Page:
If you prefer to grind and are looking to intensify the sensation, you can try putting a very strong massager such as our Kristen First Time Vibe or Kiki Mini Massager in the middle of a towel and move against its head.

2. Clitoral Stimulation

While grinding is a less direct way to stimulate the clitoris and other sensitive parts of the vulva, actually touching your vulva—especially your clitoris—is  the most common methods of masturbation. There are many different types of finger motions that women use so experiment with what works best for you!  A few options or common finger positions including rubbing circles (with one, two of four fingers) on your clitoral hood.  Some women like to rub to the right or left of their clitoris rather than directly on it, and many have a favorite side when they do.  Some women like to make large figure-eight circles on their entire genitals, touching the clitoris, the inner lips and the vaginal opening.  Again, these are just a few options.  See what works for you!

Also, some women like to pleasure themselves through their undies or a cloth as their clitoris is too sensitive to direct touch. If you find your clitoris is too sensitive for this direct contact, you may enjoy a product like our Kamari Mini Vibe as it has subtle sensations that you can control the pressure of.

Using the tub faucet or shower head to run water over your clitoris and vulva is another method of masturbation, though depending on your bathtub it can get a little tricky to maneuver.

3. Fingering, G-Spot Stimulation & A-Spot Stimulation

Some really interesting research finds that almost 98% of women stimulate their external vulva when masturbating—some do it alone and some couple it with internal, vaginal stimulation.  Of course, if you are a woman who likes to pleasure herself just with vaginal stimulation, that’s ok too!  Whatever gets you off is totally fine!

So, if you want to try internal stimulation, with or without clitoral stimulation, you can use your fingers  to massage within the vaginal canal  itself. Some people greatly enjoy pressure just within the opening of the vagina, and some like to massage higher up, on the G-spot.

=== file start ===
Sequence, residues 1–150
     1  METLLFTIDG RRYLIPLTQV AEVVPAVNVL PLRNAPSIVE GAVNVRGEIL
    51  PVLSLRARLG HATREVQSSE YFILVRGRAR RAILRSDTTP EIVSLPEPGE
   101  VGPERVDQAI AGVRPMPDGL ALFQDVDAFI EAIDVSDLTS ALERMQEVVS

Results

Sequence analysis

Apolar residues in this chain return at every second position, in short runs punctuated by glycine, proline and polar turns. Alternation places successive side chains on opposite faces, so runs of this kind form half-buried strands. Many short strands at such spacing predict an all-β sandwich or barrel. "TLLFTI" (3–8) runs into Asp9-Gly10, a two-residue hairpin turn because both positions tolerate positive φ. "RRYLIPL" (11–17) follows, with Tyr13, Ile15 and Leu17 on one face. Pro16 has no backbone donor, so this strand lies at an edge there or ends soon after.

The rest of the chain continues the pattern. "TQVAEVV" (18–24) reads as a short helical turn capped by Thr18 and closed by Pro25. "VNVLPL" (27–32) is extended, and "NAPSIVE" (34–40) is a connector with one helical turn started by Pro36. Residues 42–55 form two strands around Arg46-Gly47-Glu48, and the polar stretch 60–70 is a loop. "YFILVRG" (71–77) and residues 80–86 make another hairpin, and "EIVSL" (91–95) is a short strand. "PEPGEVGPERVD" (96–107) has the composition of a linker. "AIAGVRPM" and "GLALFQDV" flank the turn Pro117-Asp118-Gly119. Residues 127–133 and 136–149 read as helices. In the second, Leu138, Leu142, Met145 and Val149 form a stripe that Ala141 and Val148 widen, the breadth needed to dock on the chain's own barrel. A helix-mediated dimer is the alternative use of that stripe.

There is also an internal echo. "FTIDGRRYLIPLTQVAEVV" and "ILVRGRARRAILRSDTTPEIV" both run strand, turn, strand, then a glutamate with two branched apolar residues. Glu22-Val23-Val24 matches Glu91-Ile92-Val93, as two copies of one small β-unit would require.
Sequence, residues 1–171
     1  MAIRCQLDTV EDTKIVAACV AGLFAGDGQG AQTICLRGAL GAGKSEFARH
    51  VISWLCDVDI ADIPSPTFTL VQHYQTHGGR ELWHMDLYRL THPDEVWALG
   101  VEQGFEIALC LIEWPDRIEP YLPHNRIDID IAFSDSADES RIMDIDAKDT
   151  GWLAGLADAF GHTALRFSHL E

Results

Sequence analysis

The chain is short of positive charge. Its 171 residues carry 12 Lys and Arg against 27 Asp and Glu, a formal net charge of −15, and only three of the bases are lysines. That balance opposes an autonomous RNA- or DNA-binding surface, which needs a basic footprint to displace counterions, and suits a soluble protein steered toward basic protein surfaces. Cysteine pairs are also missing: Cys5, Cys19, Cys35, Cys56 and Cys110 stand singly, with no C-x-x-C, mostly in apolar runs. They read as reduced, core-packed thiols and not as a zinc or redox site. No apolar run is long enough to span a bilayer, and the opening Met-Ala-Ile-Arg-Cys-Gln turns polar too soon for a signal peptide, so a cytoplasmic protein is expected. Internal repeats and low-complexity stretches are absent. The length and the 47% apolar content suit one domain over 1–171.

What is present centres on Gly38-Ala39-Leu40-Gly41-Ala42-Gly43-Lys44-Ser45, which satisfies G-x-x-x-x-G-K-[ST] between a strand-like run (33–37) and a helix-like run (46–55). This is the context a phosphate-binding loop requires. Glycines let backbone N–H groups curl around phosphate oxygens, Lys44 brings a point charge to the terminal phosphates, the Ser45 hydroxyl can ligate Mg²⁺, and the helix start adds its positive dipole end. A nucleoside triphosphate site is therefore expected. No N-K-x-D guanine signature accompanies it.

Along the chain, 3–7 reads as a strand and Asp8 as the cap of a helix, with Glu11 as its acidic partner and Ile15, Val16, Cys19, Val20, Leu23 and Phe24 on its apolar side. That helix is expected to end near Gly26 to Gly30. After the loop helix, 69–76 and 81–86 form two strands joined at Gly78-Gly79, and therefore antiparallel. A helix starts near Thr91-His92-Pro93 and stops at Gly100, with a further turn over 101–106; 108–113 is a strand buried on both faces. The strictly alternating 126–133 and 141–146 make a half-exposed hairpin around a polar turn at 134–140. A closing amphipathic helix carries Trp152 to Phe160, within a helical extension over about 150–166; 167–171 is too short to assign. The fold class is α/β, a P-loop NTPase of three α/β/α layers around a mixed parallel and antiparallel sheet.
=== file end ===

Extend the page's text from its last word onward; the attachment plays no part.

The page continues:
4. Anal Play

Just because the you don’t have a prostate doesn’t mean you can’t enjoy anal stimulation in the same way.

During masturbation, this can involve use of fingers, butt plugs, or dildos combined with any of the above techniques or on their own. What is most important to remember when incorporating anal play into your self-pleasure is to use lubricant, never to use something vaginally after it has been used anally unless it has been thoroughly washed (or covered with a condom) and to only use products anally that have a flared base, lest you’re keen to make an awkward trip to the emergency room.


The benefits of masturbation, aside from the mental and physical health benefits, are such that the let us explore our bodies and desires in a relaxed, low pressure situation, which ultimately makes us more confident to tell our partner what we want and need. As well, never underestimate the power of indulging in ‘me-time’ to rev up your sexual desire.  The more sex you have, including with yourself, the more sex you want!

*In this article, for ease of reader understanding, we are using the words sex and intercourse as synonymous, as is done in popular culture in general. Similarly, we use the word “foreplay” the way it is used in popular culture (i.e., the sexual acts such as oral sex that come before intercourse). However, as aptly pointed out by sex expert Laurie Mintz, we would also like to acknowledge that such language exalts men’s most reliable rout to orgasm and linguistically erases women’s most reliable route to orgasm—clitoral stimulation, either alone or coupled with penetration. Indeed, only between 4% and 18% of women reliably orgasm from penetration alone. We look forward to the day when such language is not commonly used in culture.

Facts checked by:

Dr. Laurie Mintz

Dr. Laurie Mintz, Ph.D.

Laurie Mintz, Ph.D., is a professor at the University of Florida, teaching Human Sexuality to hundreds of students a year. She has published over 50 research articles and is a Fellow of the American Psychological Association. Dr. Mintz also has maintained a private practice for over 30 years, working with individuals and couples on general and sexual issues. She is also an author and speaker, spreading scientifically-accurate, sex-positive information to enhance sexual pleasure.